Thousands of Southern California residents remained without power Thursday as strong winds knocked down power lines and blew blinding dust across desert roadways.
More than 19,000 customers from the Los Angeles Department of Water and Power still were without electricity.
The outrages stretched from the San Fernando Valley to south Los Angeles, said agency spokeswoman Carol Tucker.
The winds should subside by late Thursday after making it a blustery holidays in Southern California.
High winds on Christmas Day blew down power lines and transformers, and utility crews were placed on standby in anticipation for more strong gusts.
The National Weather Service issued high wind warnings for the Antelope Valley and mountain areas of Los Angeles and Ventura counties.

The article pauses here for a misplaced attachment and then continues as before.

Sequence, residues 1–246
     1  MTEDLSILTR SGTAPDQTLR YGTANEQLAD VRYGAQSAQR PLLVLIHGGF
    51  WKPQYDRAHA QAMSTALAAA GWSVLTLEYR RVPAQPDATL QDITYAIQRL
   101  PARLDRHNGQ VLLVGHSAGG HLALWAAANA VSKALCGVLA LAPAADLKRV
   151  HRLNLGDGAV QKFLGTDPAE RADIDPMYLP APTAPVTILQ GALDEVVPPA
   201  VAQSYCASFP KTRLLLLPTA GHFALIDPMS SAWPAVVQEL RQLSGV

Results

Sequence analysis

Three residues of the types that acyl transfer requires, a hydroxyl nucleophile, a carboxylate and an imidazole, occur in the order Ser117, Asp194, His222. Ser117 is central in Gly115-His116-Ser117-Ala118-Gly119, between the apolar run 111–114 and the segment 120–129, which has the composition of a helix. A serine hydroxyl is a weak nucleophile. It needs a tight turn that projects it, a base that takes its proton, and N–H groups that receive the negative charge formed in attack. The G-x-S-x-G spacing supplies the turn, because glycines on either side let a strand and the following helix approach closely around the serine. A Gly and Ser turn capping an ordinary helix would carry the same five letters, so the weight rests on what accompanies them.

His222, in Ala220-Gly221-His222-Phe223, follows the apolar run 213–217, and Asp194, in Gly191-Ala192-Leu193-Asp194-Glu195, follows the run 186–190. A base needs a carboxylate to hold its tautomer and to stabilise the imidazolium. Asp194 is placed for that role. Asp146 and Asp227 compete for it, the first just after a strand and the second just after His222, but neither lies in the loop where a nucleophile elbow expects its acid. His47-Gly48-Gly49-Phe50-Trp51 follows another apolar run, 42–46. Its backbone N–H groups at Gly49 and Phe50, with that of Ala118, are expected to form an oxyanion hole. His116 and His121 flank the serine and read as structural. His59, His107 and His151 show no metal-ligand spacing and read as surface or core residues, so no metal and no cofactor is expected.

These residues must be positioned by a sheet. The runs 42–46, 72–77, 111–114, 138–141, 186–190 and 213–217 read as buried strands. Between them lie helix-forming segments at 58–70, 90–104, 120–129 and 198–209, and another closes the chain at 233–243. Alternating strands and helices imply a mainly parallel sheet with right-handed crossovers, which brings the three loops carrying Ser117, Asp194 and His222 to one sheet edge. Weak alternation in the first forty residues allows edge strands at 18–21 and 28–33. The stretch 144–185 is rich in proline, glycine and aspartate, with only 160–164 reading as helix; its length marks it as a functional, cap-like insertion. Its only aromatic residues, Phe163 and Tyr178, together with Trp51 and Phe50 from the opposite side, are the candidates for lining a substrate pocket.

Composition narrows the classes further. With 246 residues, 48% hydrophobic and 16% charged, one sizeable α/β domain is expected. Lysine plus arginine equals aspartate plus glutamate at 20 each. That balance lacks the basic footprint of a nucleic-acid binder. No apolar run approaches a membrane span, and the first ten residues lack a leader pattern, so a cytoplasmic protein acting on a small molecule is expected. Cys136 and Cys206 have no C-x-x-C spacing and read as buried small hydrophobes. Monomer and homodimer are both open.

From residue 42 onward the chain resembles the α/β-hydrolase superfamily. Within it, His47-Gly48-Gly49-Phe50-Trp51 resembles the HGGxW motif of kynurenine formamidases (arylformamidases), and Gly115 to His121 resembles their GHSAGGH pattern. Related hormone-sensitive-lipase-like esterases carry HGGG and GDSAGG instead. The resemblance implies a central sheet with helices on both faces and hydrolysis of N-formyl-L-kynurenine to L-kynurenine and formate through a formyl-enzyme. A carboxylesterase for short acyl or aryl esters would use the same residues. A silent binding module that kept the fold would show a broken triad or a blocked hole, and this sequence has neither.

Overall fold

Unlike last month's hot, dry Santa Ana winds, the latest gusts were coming from the north and were cold and moist, weather service meteorologist Jamie Meier said.
Meanwhile, a broken wind sensor in Thousand Oaks misreported gusts were blowing more than 100 mph on Tuesday.
Weather officials didn't notice the error until after the report was on the Internet and in the local newspaper. Winds were actually blowing more in the 50 mph range.
"It was a reasonable speed for the event, just not at that location," Meier said, referring to the erroneous report.
It's not uncommon for wind sensors to break.
When they do, sometimes they transmit wind speeds that are improbably high, sometimes they get stuck at a particular speed, and sometimes they don't transmit at all.